If you’re looking for places to explore in New York City that offer beautiful scenery and even a history lesson, consider visiting some sites in the Gateway National Recreation Area. Taking up more than 26,000 acres of land, the area is located mostly along the outer coastlines of Queens, Brooklyn, Staten Island, and northern New Jersey. It was established by the federal government in 1972 to provide city residents with the opportunity to engage in recreational activities
Much of the shoreline opening up from the mouth of New York Harbor was utilized by the U.S. Navy and Army as batteries or bunkers to protect New York from naval attacks. Although many of the installations saw little to no action during their time, the structures were preserved by the federal government for historical and educational purposes after 1974. These military sites, now overgrown, were constructed on coastal dunes and maritime forests that now serve as important nesting locations for migratory birds. A wide array of secluded beaches and thick vegetation make for a great getaway from the sometimes gray and congestive urban environment.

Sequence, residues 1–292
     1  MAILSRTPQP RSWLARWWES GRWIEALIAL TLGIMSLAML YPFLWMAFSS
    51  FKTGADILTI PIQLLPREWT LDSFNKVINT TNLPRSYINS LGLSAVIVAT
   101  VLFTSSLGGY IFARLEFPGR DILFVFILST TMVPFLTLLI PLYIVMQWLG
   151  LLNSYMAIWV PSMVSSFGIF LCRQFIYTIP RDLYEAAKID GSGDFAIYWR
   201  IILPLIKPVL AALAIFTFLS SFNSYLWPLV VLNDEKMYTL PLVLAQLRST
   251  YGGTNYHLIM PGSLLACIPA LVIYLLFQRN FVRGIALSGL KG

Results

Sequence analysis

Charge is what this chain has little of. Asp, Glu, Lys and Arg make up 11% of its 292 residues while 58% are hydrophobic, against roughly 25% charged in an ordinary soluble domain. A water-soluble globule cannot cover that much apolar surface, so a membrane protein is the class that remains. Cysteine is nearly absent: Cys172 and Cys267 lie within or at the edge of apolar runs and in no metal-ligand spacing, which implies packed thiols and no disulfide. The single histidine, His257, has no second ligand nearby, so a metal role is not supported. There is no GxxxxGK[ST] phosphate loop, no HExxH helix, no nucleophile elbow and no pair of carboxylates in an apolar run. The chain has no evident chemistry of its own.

1. Jamaica Bay Wildlife Refuge
It can be argued that this location is the most important nature preserve in the Gateway National Recreation Area. Resting on some of the marshy islands located between mainland Queens and the Rockaway peninsula, the Jamaica Bay Wildlife Refuge is a great destination for nature lovers. The refuge is split into two sections by the traversing Cross Bay Boulevard, with both sides featuring freshwater ponds, hiking trails, and informational signage. The west side is the more “visitor-friendly” of the two with more lookout points, an information center, picnic tables, and a parking lot.
Since its opening in 1972, the wildlife refuge has been home to a number of protected species of flora and fauna, specifically migratory birds. The area is also an important mating and egg-laying site for diamondback terrapins and horseshoe crabs due to how naturally sheltered the refuge is. The land was used in the early 1940s as a hydraulic fill for the nearby JFK Airport until it became apparent how harmful that was to the ecosystem in Jamaica Bay.